Sculpture of dead Osama bin Laden called
Sculpture of dead Osama bin Laden called \"He\" sits on display at an art exhibition during the 11th Havana Biennial (Reuters)

The burial of Osama bin Laden in May 2011 followed traditional Islamic procedures, even though the former al-Qaida leader was buried at sea.

Internal e-mails obtained by AP reveal that the mission to bury bin Laden, following his death at the hands of US Navy Seals in the Pakistan town of Abbottabad, was surrounded by secrecy, with only a handful of naval officers informed of the procedure.

Bin Laden's body was washed, wrapped in a white sheet and then placed in a weighted bag, before being carefully lowered into the North Arabian Sea.

"Traditional procedures for Islamic burial were followed," reads an email by officer Charles Gaouette, then deputy commander of the Navy's Fifth Fleet. "The deceased's body was washed (ablution) then placed in a white sheet. The body was placed in a weighted bag. A military officer read prepared religious remarks, which were translated into Arabic by a native speaker.

"After the words were complete, the body was placed on a prepared flat board [and] tipped up, whereupon the deceased's body slid into the sea.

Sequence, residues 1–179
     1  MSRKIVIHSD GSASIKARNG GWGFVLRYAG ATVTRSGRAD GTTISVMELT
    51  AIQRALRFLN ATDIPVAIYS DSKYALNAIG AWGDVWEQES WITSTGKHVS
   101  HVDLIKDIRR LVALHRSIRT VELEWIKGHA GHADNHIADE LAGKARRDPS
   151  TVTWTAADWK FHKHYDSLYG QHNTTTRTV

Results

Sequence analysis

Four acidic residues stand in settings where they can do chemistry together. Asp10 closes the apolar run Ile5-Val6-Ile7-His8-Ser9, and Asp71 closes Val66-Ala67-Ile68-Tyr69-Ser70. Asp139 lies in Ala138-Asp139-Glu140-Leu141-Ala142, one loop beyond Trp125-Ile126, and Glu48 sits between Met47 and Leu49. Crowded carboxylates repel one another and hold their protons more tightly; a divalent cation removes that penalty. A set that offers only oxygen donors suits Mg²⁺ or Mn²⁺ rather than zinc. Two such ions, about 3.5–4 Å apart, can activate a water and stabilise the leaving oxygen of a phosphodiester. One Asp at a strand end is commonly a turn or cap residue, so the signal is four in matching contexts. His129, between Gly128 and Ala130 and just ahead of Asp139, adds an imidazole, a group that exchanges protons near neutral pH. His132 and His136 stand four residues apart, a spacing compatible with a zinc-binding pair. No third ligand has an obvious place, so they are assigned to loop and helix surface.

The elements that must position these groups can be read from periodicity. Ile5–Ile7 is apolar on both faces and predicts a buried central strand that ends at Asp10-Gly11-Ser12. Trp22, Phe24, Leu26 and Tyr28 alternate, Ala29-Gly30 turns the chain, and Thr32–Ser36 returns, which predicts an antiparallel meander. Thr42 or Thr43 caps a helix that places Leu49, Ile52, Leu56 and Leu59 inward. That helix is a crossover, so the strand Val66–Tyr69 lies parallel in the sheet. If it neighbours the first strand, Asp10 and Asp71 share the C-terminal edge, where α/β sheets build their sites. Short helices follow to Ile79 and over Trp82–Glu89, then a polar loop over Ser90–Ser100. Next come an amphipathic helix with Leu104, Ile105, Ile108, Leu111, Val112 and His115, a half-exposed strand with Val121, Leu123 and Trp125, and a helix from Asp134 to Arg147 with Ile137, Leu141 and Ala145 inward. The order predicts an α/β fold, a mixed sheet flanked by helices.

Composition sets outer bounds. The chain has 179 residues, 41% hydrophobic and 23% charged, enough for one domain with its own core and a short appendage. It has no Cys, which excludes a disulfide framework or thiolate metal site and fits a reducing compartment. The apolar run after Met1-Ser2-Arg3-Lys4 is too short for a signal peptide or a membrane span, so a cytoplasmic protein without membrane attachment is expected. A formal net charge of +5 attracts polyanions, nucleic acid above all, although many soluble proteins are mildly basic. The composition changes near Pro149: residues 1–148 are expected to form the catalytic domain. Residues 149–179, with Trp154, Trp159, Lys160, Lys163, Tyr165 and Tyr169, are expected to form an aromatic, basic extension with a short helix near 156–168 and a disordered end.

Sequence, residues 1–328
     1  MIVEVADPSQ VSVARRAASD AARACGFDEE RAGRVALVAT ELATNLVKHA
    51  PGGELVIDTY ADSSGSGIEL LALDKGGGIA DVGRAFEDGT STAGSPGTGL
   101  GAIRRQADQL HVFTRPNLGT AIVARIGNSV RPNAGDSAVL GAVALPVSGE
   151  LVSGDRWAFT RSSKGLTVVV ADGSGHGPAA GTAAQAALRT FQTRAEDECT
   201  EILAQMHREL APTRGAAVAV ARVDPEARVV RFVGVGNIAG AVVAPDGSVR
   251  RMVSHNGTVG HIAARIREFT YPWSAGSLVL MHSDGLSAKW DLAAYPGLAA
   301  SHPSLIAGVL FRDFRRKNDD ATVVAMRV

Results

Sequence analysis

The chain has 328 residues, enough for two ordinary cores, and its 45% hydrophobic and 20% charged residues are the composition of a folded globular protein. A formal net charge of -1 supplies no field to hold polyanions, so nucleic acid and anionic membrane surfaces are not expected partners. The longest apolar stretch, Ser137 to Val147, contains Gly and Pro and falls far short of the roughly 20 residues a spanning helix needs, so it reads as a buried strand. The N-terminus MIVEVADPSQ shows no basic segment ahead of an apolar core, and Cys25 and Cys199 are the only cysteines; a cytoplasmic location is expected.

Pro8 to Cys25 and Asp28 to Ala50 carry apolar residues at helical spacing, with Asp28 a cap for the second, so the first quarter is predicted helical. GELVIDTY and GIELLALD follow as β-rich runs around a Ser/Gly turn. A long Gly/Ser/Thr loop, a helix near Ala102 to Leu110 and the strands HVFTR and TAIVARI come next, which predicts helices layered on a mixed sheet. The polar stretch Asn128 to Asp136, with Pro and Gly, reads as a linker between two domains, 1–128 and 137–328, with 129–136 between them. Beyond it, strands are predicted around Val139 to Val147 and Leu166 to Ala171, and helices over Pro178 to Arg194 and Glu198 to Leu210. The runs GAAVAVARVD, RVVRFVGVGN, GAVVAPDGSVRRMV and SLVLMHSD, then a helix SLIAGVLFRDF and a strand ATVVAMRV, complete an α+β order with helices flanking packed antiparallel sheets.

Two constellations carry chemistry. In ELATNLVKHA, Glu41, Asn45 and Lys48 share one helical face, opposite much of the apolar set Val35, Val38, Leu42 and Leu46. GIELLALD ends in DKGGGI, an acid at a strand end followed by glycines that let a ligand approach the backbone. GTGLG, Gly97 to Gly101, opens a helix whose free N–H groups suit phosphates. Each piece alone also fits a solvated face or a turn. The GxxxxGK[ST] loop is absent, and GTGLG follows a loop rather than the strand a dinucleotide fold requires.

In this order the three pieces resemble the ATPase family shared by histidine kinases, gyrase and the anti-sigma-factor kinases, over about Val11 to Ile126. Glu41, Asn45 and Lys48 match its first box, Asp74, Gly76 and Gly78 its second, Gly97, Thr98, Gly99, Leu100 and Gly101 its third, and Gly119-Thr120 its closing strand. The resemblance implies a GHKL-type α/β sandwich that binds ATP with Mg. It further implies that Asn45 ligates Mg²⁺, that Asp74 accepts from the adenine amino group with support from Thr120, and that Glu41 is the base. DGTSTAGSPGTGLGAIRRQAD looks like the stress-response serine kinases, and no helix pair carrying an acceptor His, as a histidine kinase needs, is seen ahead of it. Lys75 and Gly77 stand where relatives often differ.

"The paucity of documentary evidence in our possession is a reflection of the emphasis placed on operational security during the execution of this phase of the operation."

An email communication prior to the burial, between Rear Adm. Charles Gaouette, then the deputy commander of the Navy's Fifth Fleet, and another officer, showed the extremely secretive nature of the operation.

"Any news on the package for us?" Gaouette asked Rear Adm. Samuel Perez, commander of the carrier strike group that included the Vinson, "package" referring to bin Laden's body that SEALS were transferring to the ship for the sea burial via helicopters.

"FEDEX delivered the package," Perez responded. "Both trucks are safely enroute home base."

Earlier this year, AP's attempts to obtain secret information about the mission were dismissed by the Defense Department. In March, officials said they could not locate any photographs or video taken during the raid or showing bin Laden's body, or find any death certificate, autopsy report or results of DNA identification tests for the al-Qaida leader.